Burma's Tears

`I REMEMBER ... '' the Burmese student started to say. Then his eyes filled with tears and it was some moments before he could continue. He was recalling the democracy protests of August and September 1988 in Rangoon, during which a close friend marching shoulder to shoulder with him had been shot and killed. Nearly three years have passed since those events, and the images of bloodied students that filled world television screens that summer have been succeeded by others. Burma has dropped off world screens, although organizations like Asiawatch try valiantly to remind us that Burma's military dictatorship is as repressive as ever, that Burmese prisons are filled with hundreds of political prisoners from elderly intellectuals to high school students, that torture and other human rights violations continue.

On May 27 another anniversary approaches - of nationwide assembly elections that the regime had promised since the demonstrations of 1988. Campaigning was strictly controlled, but in the privacy of their voting booths, Burma's citizens overwhelmingly chose the opposition National League for Democracy (NLD), not the government-backed National Unity Party (NUP). The NLD won 392 seats, the NUP just 10.

The NLD achieved its victory despite continuous government harassment of its supporters and campaign workers, and despite the house arrest under which its charismatic leader, Daw Aung San SuuKyi, had been placed in July 1989. Mrs. SuuKyi has been held incommunicado ever since.

The results of the voting surprised and discomfited the military junta. In the brief period - less than a full year - that Mrs. SuuKyi had been allowed to campaign in Burma, she had energized workers, peasants, and housewives, bringing squabbling factions into some kind of unity while preaching a gospel of non-violent protests for democracy. The junta probably calculated that silencing her would cause support for her party to wither away. They deliberately allowed a proliferation of parties and permitte d fairly honest vote-counting. The result: at least 60 percent of the voters chose democracy over dictatorship.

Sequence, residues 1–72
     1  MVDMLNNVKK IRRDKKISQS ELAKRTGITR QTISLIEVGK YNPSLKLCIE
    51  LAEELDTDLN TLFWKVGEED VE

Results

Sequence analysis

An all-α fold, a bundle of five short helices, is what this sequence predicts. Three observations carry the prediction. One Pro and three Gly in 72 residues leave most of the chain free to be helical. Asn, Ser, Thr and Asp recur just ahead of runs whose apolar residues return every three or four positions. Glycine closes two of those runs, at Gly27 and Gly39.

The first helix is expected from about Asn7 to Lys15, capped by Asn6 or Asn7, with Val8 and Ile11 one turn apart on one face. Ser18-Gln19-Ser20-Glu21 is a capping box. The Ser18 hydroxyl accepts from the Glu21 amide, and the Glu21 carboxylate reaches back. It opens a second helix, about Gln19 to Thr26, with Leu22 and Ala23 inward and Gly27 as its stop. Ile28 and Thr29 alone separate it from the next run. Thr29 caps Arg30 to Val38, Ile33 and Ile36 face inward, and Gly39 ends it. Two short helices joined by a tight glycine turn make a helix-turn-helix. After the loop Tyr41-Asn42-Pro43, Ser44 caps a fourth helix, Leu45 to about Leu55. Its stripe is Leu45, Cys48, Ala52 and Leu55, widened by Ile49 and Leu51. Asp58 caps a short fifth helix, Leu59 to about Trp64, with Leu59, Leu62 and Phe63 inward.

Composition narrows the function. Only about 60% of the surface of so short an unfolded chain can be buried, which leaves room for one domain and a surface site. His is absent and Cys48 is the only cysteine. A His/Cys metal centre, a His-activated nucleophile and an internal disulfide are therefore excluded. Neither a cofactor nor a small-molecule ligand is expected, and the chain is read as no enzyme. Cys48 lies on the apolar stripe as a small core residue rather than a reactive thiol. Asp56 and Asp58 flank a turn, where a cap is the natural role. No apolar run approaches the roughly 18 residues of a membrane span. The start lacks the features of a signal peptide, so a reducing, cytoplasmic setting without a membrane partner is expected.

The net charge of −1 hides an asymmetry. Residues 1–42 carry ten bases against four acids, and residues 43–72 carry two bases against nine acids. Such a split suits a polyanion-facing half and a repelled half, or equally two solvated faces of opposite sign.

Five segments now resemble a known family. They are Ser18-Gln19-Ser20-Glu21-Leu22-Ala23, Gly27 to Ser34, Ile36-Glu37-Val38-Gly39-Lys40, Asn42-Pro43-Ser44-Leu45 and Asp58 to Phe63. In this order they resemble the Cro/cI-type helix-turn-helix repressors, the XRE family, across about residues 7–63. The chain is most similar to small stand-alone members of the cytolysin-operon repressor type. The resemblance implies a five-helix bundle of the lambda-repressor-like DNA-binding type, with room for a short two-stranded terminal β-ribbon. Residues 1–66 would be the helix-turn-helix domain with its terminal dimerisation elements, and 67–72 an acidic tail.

But while democracy's supporters celebrated in the streets, the junta quickly recovered from its initial shock. Draconian limits on speech and assembly, which had been partially lifted during the campaigning, were reimposed, and the regime arrested party officials and legislators and intimidated their supporters. To this day, the elected assembly has never been convened (it was supposed to write a new, democratic constitution) and it is almost as if the elections had never taken place.

Still, the world's democracies - the US, Europe, Japan - could have acted more effectively than they have so far. Economic sanctions imposed since the brutal repression of democracy protests in September 1988 continue. But Japanese, South Korean, Thai companies - even a few American ones - do business with Burma.

To bring home to Burma's military rulers the cost of flouting democracy and human rights, however, international pressure needs to be exercised not only on Rangoon itself but on Burma's two principal neighbors and economic partners - China and Thailand. Neither country has participated in the sanctions effort. China, in particular, has dramatically increased trade with Burma during the past two years. China has also agreed to supply Burma with 1.1 billion dollars worth of arms.

Thailand is the Burmese military's other main supporter. Even before the Feb. 23 military coup which overthrew Bangkok's elected government, relations between the Thai and Burmese military were close. Bangkok businessmen linked to Thai generals have won teak concessions from Rangoon, and Thai attitudes towards Burmese dissidents fleeing across the border have been ambivalent. It's ironic that capitalist Thailand should be competing with Communist China for economic influence over Burma.

Countries like Japan or the US are not without means of pressure on both to stop their blatant help to Burma's military rulers. But there is no consensus as to what would be the most effective way in which to exercise this pressure, or even whether pressure should be used at all. Until there is, the tears of my Burmese friend will be of little avail.

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